6. I’ve never been a fan of audio books until a certain book was published and I received five. Very interesting (at least to me) how inflection, and pronunciations, and other vocal calisthenics lend to a pleasing experience – or not.

    This is why we’re told to read the crap pile we wrote out loud, right? (I’m in the copy edit stage of the next book and wondering how it’s getting published. I need coffee or vodka – maybe both)

    So, to the question, how would I like my work to be judged? Truthfully, I suppose – even if it hurts.

    • Sigh. The point about audio books…I can envision the judges listening to someone reading, and it would be like a snippet of an audio book…that’s what I was thinking when I wrote the comment, and ya know, you all were supposed to “know” that.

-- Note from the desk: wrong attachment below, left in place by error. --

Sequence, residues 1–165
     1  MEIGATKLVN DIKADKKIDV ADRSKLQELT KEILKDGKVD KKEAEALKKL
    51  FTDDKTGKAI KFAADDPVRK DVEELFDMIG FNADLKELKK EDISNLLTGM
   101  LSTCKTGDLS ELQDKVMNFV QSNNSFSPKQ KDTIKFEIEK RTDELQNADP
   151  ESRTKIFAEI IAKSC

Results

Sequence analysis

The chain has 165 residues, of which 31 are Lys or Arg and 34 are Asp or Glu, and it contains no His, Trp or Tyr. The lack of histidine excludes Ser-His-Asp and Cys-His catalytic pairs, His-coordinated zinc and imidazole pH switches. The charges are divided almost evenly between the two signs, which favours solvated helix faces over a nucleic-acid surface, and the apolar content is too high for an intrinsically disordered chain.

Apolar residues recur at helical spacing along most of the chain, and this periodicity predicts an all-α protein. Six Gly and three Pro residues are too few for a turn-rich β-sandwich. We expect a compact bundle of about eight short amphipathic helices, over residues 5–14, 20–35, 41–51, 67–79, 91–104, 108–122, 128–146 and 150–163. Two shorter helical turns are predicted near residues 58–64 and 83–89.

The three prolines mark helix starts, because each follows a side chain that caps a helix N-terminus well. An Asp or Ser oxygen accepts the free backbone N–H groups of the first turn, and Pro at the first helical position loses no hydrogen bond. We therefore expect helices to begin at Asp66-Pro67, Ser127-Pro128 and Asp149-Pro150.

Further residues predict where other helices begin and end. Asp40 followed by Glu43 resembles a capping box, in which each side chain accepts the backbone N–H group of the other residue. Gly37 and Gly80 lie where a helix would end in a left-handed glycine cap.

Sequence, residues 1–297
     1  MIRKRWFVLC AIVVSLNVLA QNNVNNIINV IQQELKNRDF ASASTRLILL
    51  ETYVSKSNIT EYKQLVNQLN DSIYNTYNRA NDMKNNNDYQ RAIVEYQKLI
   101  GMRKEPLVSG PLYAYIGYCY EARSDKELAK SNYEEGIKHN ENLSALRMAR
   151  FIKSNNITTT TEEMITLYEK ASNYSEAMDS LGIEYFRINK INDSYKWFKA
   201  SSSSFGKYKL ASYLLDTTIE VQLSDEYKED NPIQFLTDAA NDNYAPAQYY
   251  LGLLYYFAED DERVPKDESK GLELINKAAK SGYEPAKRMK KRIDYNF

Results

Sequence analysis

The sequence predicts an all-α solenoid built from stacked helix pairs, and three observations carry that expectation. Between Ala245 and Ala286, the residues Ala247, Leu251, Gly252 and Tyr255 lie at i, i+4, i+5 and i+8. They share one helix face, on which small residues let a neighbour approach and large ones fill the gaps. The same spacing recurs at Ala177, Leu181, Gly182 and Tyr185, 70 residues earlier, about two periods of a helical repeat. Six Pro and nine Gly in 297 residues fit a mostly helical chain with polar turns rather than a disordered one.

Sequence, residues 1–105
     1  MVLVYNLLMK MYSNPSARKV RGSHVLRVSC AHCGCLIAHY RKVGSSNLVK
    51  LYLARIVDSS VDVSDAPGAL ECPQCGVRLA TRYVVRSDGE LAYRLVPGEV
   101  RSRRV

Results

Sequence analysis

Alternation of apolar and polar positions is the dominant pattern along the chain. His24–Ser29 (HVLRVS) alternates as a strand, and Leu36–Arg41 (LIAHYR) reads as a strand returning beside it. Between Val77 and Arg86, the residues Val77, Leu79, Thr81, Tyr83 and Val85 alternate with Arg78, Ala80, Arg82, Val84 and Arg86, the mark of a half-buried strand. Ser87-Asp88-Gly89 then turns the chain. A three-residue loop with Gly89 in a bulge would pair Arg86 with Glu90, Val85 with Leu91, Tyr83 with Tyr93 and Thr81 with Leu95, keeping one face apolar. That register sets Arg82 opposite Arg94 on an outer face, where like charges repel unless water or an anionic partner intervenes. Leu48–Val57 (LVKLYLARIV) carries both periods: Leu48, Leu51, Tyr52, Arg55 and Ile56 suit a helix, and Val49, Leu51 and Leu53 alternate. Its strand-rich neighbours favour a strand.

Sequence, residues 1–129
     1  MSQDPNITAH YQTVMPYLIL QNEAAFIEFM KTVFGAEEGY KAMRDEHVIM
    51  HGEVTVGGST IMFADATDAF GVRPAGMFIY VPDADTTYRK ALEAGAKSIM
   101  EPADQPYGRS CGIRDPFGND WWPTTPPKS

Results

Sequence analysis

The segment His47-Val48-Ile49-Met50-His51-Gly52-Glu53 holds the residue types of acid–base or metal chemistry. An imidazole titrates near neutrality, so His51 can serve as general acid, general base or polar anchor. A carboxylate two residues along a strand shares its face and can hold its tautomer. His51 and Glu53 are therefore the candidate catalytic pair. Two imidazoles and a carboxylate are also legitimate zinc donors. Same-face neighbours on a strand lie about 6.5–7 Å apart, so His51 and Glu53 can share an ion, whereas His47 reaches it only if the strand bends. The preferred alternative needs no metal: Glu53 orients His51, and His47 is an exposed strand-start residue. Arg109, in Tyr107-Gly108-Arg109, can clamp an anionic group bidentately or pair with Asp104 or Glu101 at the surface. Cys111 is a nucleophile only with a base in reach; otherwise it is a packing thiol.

7. “I don’t read, but if I did I would absolutely hate this book.”
    -Donald J. Trump, White Supremacist in Chief

  8. I’m with Voice. First sentence, first paragraph, first page, gotta read it. I found all my favorite books that way. Now that I’m not in school anymore, if I can’t read it I don’t. (Hmm, buy a book chip, insert it into your implanted book port, installed for almost free, and get the experience of the book in seconds, the plot, the picture. Horrifying, but without Voice that’s what we’ll get. I’m with you, Betsy!)

  9. Yeah, I want to be judged by the first 90 seconds of my performance. Because I’m THAT GOOD.

  10. “How would like your work to be judged?”

    By a jury of my peers

    “How would like your work to be judged?”


    “How would like your work to be judged?”

    Trenchant yet welcoming.

    “How would like your work to be judged?”

    A bargain at the price.

    “How would like your work to be judged?”